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In Adobe Illustrator CC 2015 I can move a linear gradient as required with help of Gradient Annotator. But I don't see how to specify exact positions. Even more, Gradient Annotator doesn't snaps to anchor points and paths. What can you recommend?

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The best you can do is utilize the Gradient Panel and location percentages. Illustrator does not offer any hard algorithmic method to input definitive values. Because gradients are sized based on their boundaries, everything is relative to the object and a percentage. So if you want precision you'll need to do the math and figure out what percentage of the object matches your desired stop position. i.e. 100px object.. stop at 15px means 15%...

Using the Gradient Panel you can click a color stop and then alter the Location percentage to move the stop:

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Note that clicking a color stop on the annotator will popup the options allowing you to adjust a color stop location as well:

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You can be a bit more precise with linear gradient angles using the gradient panel as opposed to the annotator and use definitive degrees there:

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This is about as precise as you'll get out of the box.

  • Well, I'm not sure if you understand me correctly. When I say start & end position I mean 2D points on the plot where gradient line starts and ends, not the locations of colors on the gradient bar. As for angle – this is helpful note. – kelin Mar 13 '18 at 7:32
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    @kelin I understand perfectly. Gradients in Illustrator start and stop at the boundaries of the object they are applied to. You can not start or stop a gradient at some offset point inside the object boundaries (i.e. there's no inner margin). Therefore the "start" point is the object's edge... and the "end" point is the object's edge opposite the start point. – Scott Mar 13 '18 at 8:40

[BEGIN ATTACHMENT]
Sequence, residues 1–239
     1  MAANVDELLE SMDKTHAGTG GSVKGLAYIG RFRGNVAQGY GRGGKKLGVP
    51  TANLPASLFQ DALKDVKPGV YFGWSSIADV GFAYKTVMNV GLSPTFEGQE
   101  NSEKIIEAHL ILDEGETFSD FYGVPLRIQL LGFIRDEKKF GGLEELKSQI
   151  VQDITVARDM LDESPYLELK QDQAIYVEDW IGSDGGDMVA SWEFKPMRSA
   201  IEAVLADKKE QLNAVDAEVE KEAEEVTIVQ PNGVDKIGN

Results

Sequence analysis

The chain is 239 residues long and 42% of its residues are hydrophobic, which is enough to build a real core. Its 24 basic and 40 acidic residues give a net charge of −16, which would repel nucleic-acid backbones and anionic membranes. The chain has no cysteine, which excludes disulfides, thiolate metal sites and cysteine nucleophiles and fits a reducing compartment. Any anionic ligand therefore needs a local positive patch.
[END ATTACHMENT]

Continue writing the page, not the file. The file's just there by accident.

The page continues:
• If you are referring to gradients applied to strokes... you have even less control over things. There's no way to alter the start/end positions other than replicating color stops to make it appear as though colors begin at certain points. Possibly helpful: graphicdesign.stackexchange.com/a/22336/3270 or graphicdesign.stackexchange.com/a/31298/3270 or graphicdesign.stackexchange.com/a/16944/3270 – Scott Mar 13 '18 at 8:43
  • "Gradients in Illustrator start and stop at the boundaries of the object they are applied to." - you are definitely wrong. You can move around that points with help of the Annotator. – kelin Mar 13 '18 at 11:16
  • Sorry @kelin that is incorrect... you can move the first or last color stop (which I've explained in my answer) but you can not move the start and end point of the gradient. – Scott Mar 13 '18 at 15:52
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You may want to attempt to use the gradient mesh tool (shortcut U) to achieve a more precise gradient effect in your work. Note that mesh objects are not as easily manipulated as shapes in illustrator, so first achieve the shape you want and then apply the mesh. You can precisely manipulate colors and positions on the mesh point by point in excruciating detail, unlike a simple gradient with the direct selection tool (A) around the mesh as you generate points with U.

The biggest issue you’ll have with mesh objects is easily editing them as they can be fickle things, so just be aware they are not well suited for simple designs, where layering standard objects is a better method. My other suggestion is to use as few mesh points as possible in your design — the more precise you are, the more precise you’ll have to be to achieve a clean look.

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    I've never worked with mesh before. Seems promising, but I need learn too much. – kelin Mar 13 '18 at 19:32
  • It's not a terribly difficult thing to mess with a bit. I'd check out YouTube for a start with it. It takes a while to master (I would not claim to have mastered it myself despite having been at this for several years), but with just one gradient mesh point you might achieve exactly what you're looking to achieve without touching a standard gradient. – Mike Pandolfini Mar 14 '18 at 20:47

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